El Salvador President Nayib Bukele has cost the country money by betting on , according to calculations made by Bloomberg.
Relying solely on Bukele’s frequent Twitter announcements that he bought Bitcoin, the Salvadoran president has bought 1,391 Bitcoin.
Those purchases—according to Bloomberg—cost approximately $71 million based on an average price of $51,056 per Bitcoin.
Assuming the government is still holding all of this Bitcoin, the total sum acquired is now worth roughly $59 million by today’s prices.
This means that Bukele’s Bitcoin purchases have cost El Salvador about $12 million in public funds.
Ricardo Castaneda, an economist at El Salvador’s Central America Fiscal Studies Institute, told Bloomberg, “there’s no official information about the amount of Bitcoin the government has purchased, the price they paid or how much is in reserve.”
This news comes amid an already long line of controversies surrounding the Salvadoran president’s adoption of Bitcoin as legal tender.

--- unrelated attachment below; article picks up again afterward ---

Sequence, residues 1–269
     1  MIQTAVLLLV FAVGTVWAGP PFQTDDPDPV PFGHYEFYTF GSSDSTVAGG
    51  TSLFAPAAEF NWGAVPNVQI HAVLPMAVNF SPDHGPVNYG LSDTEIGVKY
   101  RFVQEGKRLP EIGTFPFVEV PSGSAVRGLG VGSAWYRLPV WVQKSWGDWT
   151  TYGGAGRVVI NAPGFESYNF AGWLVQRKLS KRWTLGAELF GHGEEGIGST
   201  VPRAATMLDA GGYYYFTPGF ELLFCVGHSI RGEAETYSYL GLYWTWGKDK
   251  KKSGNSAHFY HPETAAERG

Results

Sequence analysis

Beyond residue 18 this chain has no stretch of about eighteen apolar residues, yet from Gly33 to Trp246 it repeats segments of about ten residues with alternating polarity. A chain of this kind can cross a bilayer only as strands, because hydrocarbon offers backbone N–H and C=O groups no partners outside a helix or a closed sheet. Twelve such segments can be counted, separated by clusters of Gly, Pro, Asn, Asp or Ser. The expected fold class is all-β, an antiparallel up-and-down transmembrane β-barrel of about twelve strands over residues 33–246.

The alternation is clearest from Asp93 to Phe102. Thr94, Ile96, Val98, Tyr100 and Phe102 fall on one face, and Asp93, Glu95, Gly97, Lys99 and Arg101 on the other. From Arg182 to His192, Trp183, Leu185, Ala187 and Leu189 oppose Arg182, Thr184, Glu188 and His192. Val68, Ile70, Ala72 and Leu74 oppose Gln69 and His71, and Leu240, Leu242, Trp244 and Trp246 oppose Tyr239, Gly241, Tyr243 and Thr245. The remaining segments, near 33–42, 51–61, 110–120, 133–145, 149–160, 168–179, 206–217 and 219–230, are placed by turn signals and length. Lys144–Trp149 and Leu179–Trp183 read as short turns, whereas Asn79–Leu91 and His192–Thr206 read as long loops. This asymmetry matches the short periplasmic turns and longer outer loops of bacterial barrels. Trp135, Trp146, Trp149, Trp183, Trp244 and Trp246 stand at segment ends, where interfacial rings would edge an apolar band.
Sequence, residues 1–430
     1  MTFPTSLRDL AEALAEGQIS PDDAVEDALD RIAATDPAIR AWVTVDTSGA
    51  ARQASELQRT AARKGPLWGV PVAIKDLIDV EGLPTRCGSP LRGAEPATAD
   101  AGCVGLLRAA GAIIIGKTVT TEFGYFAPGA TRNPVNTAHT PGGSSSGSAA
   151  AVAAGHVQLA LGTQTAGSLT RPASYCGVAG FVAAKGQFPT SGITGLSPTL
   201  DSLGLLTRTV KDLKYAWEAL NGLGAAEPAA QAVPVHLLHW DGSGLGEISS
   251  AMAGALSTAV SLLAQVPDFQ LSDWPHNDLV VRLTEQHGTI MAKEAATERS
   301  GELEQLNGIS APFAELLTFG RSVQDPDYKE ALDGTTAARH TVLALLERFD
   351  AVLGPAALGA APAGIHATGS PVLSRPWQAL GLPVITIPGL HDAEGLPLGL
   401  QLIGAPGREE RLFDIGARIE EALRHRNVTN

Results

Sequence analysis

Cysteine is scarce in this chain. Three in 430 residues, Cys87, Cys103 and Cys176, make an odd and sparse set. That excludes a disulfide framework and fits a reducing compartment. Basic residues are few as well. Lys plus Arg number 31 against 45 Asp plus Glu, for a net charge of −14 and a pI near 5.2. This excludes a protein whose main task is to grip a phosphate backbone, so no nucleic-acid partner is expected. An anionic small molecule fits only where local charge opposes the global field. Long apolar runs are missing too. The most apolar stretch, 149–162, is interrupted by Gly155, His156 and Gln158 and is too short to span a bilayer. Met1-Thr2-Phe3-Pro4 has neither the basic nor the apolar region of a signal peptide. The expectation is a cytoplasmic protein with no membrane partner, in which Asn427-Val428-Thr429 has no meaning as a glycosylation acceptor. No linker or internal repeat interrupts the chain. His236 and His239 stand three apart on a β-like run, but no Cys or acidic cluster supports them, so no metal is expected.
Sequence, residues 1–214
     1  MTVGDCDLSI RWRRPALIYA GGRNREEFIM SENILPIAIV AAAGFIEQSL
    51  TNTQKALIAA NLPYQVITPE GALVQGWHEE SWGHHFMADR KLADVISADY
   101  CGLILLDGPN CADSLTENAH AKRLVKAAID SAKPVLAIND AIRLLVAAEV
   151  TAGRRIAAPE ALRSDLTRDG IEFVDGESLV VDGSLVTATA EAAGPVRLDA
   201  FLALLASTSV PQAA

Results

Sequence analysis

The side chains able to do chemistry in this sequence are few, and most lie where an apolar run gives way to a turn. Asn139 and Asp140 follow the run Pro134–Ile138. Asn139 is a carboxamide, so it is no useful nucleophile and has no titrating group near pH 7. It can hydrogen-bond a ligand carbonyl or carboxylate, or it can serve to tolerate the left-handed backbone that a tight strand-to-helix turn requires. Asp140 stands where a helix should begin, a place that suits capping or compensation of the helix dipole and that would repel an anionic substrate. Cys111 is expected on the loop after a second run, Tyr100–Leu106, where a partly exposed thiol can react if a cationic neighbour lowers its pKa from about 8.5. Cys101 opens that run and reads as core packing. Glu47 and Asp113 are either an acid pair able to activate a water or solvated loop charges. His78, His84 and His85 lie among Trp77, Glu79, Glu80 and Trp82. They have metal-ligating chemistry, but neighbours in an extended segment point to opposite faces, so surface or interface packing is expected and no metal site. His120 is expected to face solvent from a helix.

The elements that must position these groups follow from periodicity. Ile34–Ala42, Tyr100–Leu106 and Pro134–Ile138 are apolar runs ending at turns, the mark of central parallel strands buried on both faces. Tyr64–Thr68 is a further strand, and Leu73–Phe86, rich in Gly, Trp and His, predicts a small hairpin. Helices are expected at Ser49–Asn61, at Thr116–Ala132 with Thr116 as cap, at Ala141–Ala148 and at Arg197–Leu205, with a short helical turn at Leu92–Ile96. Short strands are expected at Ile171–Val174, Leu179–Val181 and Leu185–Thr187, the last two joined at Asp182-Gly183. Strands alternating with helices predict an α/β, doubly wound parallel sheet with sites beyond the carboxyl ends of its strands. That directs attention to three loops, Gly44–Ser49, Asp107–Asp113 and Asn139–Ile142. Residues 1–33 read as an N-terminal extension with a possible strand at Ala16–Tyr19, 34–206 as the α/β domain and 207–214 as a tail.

El Salvador’s Bitcoin growing pains
Castaneda is not the only one concerned about the lack of transparency involved in El Salvador’s Bitcoin policy.
Last year, BlockBank’s head of operations, Nolvia Serrano, told Decrypt there are “so many things that are not being disclosed” about El Salvador’s approach to purchasing Bitcoin.
“For example, who’s holding the private keys to these Bitcoin? Also, what’s the criteria for saying, ‘Oh, today, we’re going to buy more Bitcoin, or we’re going to wait until next month.’ We don’t know that,” said Serrano.
The only point of transparency offered by Bukele so far is that he purchases El Salvador’s Bitcoin using his phone.
However, that’s not enough for Serrano.
“There’s no space to make wrong calls on this, and we need to be transparent because the cryptocurrency community cares about these principles,” she added. If the government demonstrates “something that is completely separate from the ideas of Bitcoin, then you’re not going to have the Bitcoin community supporting you.”
So far, however, that has not been the case.
Ever since Bukele first announced that El Salvador would adopt Bitcoin as legal tender, he has enjoyed the very public support of some of Bitcoin’s loudest advocates, including Michael Saylor, Jack Mallers, and Peter McCormack.